More Pictures From Skokie


Today’s post is by guest contributor and MCERA Vern Hallas, who shares his pictures from last Saturday’s 4000s trip with us:

My name is Vern Hallas. I submitted some pictures I took on 4/26/2014 of the 4000 series cars running on the Skokie Swift. Mr. Sadowski requested I write about my experience that day. Please note: I will not even attempt to match the wit, wisdom, and eloquence of Mr. Sadowski. I will do my humble best and hope it’s suitable.

When I saw these cars would be running on the Skokie line, I was thrilled. I haven’t ridden a 4000 series car for many years. However, doing this would be a slight problem as I work nights. I read the last run would be around 2 p.m. and figured I could make it there just in time.

Saturday I followed the train tracker on the CTA site and figured the last run would leave Dempster around 1:40 p.m. I left my home just after 1, I thought this would work. It turned out traffic was much heavier than I anticipated, this wasn’t looking good! I arrived at Dempster right at 1:40 and saw the train leaving the station. I was sure this was the last trip and I missed it!

I will not write here what my exact thoughts were at that time. If I did, I’m sure I would be permanently banned from posting on CERA forever! I walked up to the station and asked an employee if that was the last run. He told me the event had been extended and the train would run till about 4. Needless to say, this was great news!

Just after 2 p.m., I heard the crossing gates start south of the station start ringing. I grabbed my camera and headed out to the platform. Even at this later time, there were many train enthusiasts like myself there with their cameras rolling. When the train pulled up to the platform, there was a rush of people for the front of the train. I didn’t even try to get a seat up there. Instead I sat at the very end of the train. I figured that I’d have a great spot to take video on the return trip from Howard.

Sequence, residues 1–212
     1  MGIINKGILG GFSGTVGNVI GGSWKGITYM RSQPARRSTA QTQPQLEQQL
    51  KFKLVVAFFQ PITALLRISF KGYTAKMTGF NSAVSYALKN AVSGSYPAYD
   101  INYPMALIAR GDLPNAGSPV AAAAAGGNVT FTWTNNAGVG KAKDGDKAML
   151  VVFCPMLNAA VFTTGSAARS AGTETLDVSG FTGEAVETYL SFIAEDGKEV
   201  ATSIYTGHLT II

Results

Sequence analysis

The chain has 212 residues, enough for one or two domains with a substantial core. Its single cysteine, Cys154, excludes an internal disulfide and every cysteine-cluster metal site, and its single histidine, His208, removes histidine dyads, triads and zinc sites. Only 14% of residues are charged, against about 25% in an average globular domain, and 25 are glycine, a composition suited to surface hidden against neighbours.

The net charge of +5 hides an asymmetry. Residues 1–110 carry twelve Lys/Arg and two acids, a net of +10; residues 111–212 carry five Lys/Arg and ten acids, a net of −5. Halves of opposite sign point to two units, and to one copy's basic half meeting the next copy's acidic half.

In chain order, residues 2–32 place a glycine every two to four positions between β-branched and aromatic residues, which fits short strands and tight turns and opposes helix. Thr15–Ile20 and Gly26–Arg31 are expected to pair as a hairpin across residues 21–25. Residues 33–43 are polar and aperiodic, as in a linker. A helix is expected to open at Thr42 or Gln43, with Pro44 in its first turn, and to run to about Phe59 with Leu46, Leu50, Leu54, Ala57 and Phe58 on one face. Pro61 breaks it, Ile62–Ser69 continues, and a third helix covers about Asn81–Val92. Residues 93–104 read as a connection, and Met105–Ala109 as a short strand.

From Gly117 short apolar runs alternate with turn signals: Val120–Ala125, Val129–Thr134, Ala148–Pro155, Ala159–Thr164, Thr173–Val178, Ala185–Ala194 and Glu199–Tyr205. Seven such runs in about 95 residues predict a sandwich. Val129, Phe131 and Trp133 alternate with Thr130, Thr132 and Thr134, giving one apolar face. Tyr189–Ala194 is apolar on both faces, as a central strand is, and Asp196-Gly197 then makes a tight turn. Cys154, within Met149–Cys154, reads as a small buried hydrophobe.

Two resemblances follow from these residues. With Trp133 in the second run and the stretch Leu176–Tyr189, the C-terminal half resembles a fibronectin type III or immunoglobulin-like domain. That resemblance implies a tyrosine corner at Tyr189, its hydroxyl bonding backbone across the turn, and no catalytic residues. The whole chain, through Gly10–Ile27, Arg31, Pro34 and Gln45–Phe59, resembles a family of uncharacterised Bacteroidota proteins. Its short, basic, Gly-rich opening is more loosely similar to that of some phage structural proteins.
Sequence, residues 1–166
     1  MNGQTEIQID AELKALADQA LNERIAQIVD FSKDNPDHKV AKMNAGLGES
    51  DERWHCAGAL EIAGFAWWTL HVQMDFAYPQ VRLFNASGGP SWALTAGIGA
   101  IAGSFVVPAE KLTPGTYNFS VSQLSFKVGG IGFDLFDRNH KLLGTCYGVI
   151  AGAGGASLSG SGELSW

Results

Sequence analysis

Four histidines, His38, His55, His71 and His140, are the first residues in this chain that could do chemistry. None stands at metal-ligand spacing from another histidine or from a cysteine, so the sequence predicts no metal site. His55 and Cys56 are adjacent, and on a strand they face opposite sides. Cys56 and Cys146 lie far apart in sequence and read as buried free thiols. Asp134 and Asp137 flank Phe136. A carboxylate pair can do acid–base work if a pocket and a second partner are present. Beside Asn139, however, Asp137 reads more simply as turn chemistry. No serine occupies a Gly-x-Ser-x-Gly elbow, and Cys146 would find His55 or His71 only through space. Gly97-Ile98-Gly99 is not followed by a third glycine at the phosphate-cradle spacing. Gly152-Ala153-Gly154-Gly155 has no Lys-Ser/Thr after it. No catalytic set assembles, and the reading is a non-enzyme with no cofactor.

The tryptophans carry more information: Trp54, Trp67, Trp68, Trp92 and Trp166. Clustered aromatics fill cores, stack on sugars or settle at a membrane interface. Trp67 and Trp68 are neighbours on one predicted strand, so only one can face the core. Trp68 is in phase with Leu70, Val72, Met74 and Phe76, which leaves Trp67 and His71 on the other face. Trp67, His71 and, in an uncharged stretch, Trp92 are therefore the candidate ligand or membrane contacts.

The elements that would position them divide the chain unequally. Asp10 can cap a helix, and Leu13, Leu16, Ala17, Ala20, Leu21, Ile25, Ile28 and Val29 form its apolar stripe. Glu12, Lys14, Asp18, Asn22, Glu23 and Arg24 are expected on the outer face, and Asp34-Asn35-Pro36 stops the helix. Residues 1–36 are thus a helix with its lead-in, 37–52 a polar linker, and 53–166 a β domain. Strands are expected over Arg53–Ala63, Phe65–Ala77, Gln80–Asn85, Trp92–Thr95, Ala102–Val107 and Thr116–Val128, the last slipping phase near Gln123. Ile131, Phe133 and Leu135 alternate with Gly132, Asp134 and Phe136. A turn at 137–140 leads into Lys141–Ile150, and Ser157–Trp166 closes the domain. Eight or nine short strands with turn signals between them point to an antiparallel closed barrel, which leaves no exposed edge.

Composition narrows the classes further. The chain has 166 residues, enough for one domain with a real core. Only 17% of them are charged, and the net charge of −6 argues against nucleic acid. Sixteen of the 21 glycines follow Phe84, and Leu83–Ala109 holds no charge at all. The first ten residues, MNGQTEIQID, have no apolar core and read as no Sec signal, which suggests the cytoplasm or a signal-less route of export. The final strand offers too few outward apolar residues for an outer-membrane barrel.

When I was seated, I looked around and noticed the vintage advertisements. I liked this a lot, it reminded me of the last day of the 2200s where they did the same thing. It really gave me a feeling of how things were back in the day. I found it ironic that there was an ad for the North Shore Line. I’m sure I don’t have to explain why.

Then I heard the 2 buzzes which meant “all clear” and the doors slid closed. When the train started moving, it was just as I remembered from years back. I could hear the air compressor chugging away and the train made a sort of groaning noise as it started moving. The old train ran very well, they didn’t push it for obvious reasons but we did around 35 mph or so. In a short amount of time we were at Howard.

During the trip, I chatted with a man seated in front of me. He was a retired bus driver and used to drive the Marmon-Herrington trolley buses. As I live near Belmont av, I rode these a lot, we had a very nice time reminiscing. The train stopped at Howard to let people exit then pulled forward to prepare for the return trip. As I had hoped, the motorman switched ends to return to Dempster. I now had a great spot to take video.

After a few minutes, we again got the “all clear” signal and we were off to Dempster. Near Skokie shops there must be a slow zone as the cab signal sounded and he had to slow down. Hearing a cab signal in a 4000 was very unusual to me. I know it’s necessary but it seemed out of place in a vintage train. I also forgot just how LOUD the air horns are, I think the motorman was having a good time blasting the horn at every opportunity. I know I would have been.

After a stop at Oakton, we were soon back at Dempster and I reluctantly exited the train. When we left Howard, they announced the train would return to Howard, then go to the Skokie yard. Otherwise I might have taken another ride.

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Categories: Chicago Area, Interurbans, News, Preservation

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1 reply

  1. Mr. Hallas, thank-you for your post and pictures, especially when you mention that the 4000’s
    tended to “groan” when the motorman applied power and the train began to move.
    It’s as if one was there in person, and also for the mention of the Marmon-Herringtons.
    It brought to mind many memories.

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